It started with bad sinus infections, then regular bouts of bronchitis, a seasonal cycle that gradually worsened over three decades.
About ten years ago, this cycle evolved into pneumonia, putting Claudia, now a 67-year-old mother and grandmother in Seattle, in the ICU for a few days.
“I understand the signs now, but the first time it happened, I had this pain around the chest, a bad cough and cold,” she said. “I felt uncomfortable.”
A Medical Mystery
Doctors thought she might be having a heart attack, but X-rays of her lungs indicated pneumonia. That was about ten years ago, and now Claudia can discern the pattern as the illness comes on, which often starts with cold symptoms.
But even after that, she simply didn’t know why it was happening to her. Why was she so susceptible to sinus infections, bronchitis, and, worst of all, pneumonia? Why did she have trouble breathing sometimes? And neither did her doctors.
In her 30s, when she first started having difficulty catching her breath, she went to a pulmonary specialist who did a battery of tests. One of her doctors suggested that she had exercise-induced asthma. He gave her an inhaler. But the inhaler never seemed to help. Another doctor said that perhaps Claudia wasn’t doing enough exercise. She felt some of those who were treating her thought it was all in her head. Although she has exercised regularly since she was in her early 20s, she was told that perhaps she wasn’t exercising enough.
But not long ago Claudia and her doctor were able to solve the decades-long medical mystery with a little help from her 23andMe results.
“So, I’ve probably had this all along,” she said. “But if it hadn’t been for 23andMe, I would still be floundering.”
Claudia is an “Alpha,” as people with her condition sometimes call themselves. She has alpha-1 antitrypsin deficiency (AATD), a genetic disease that affects an estimated 120,000 Americans, but only about six percent of those with AATD are correctly diagnosed. The condition decreases levels of the alpha-1 antitrypsin protein leading to damage to the lungs and liver.
23andMe’s Alpha-1 Antitrypsin Deficiency Genetic Health Risk Report* looks at the two most common variants linked to this deficiency, the PI*Z and PI*S variants of the SERPINA1 gene. Claudia saw in her report that she had two copies of the PI*Z variant putting her at an increased risk of developing the lung and liver disease associated with AATD.
But when she first saw this, it didn’t register. She’d never heard of the condition before, and even though she saw that it could impact a person’s lungs, she thought that if it were an issue, her doctor would have noted it.
Meanwhile, various doctors tried to figure out what was going on. She had taken the advice a nurse had given her during another pneumonia treatment, telling her there was likely something causing this recurrent condition. She went through a battery of tests and consulted with a pulmonologist, who couldn’t pinpoint what was wrong.
During this period of frustration, she thought back on the 23andMe report, noting that one of her symptoms, shortness of breath, was included in the list of symptoms associated with AATD. She showed her doctor the report and asked if he could test her for the condition. The test results came back that she did indeed have AATD. After all those years of not knowing, now she understood.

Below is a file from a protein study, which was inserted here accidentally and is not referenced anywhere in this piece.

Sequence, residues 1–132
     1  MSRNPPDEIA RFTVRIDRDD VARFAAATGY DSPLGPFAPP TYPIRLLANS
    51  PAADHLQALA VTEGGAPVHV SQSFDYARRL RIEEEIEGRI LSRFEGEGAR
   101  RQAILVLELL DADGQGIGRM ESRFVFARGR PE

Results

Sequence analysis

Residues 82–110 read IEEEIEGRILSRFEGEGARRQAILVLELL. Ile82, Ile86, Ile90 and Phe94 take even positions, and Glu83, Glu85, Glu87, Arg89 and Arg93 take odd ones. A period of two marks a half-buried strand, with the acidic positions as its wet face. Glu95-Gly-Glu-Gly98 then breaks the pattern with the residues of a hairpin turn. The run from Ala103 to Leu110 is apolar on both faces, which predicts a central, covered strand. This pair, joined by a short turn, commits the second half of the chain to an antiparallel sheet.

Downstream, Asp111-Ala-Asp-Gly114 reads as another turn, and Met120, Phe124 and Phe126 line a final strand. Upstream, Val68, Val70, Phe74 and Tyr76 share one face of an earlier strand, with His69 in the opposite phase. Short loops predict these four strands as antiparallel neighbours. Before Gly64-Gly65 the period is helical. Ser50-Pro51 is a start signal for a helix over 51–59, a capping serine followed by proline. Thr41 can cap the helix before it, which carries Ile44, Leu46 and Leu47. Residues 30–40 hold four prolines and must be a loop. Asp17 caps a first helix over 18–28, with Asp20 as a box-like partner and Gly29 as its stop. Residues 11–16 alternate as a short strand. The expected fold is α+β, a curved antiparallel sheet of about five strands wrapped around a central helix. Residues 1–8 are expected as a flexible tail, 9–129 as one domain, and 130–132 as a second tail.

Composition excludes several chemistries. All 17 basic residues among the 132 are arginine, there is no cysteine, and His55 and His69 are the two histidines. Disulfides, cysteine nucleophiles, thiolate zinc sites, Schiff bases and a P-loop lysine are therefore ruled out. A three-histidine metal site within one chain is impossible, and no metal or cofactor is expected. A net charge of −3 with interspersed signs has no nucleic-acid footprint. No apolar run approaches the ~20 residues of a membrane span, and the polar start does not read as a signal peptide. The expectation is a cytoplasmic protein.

“Although there is no cure, I now know why I get out of breath and bouts of pneumonia,” Claudia said.
Beyond the respiratory symptoms, AATD can also damage the liver. Claudia learned from her doctor that her liver levels were high. It was a surprise to her, so now her liver function is regularly checked.
She’s under the care of a liver specialist and a pulmonologist at the University of Washington. They are monitoring her levels. Claudia takes vitamins to keep her immune system up, and doctors prescribed medication to help prevent infections in her lungs and bronchial tubes. She takes care of herself.
Using resources from Alpha-1 Foundation, she has identified two AATD specialists, one in Portland, Oregon, and the other in Sacramento, CA. Claudia is also in the process of trying to get her kids and grandkids tested to help potentially save them the years of struggling that she had to endure.
But for her 23andMe report, she said, “I would never have discovered this.”
*The 23andMe PGS test uses qualitative genotyping to detect select clinically relevant variants in the genomic DNA of adults from saliva for the purpose of reporting and interpreting genetic health risks. It is not intended to diagnose any disease. Your ethnicity may affect the relevance of each report and how your genetic health risk results are interpreted. Each genetic health risk report describes if a person has variants associated with a higher risk of developing a disease, but does not describe a person’s overall risk of developing the disease. The test is not intended to tell you anything about your current state of health, or to be used to make medical decisions, including whether or not you should take a medication, how much of a medication you should take, or determine any treatment. The Alpha-1 Antitrypsin (AAT) Deficiency genetic health risk report is indicated for reporting of the PI*Z and PI*S variants in the SERPINA1 gene and describes if a person has variants associated with AAT deficiency and a higher risk for lung and liver disease. The variants included in this report are most common and best studied in people of European descent.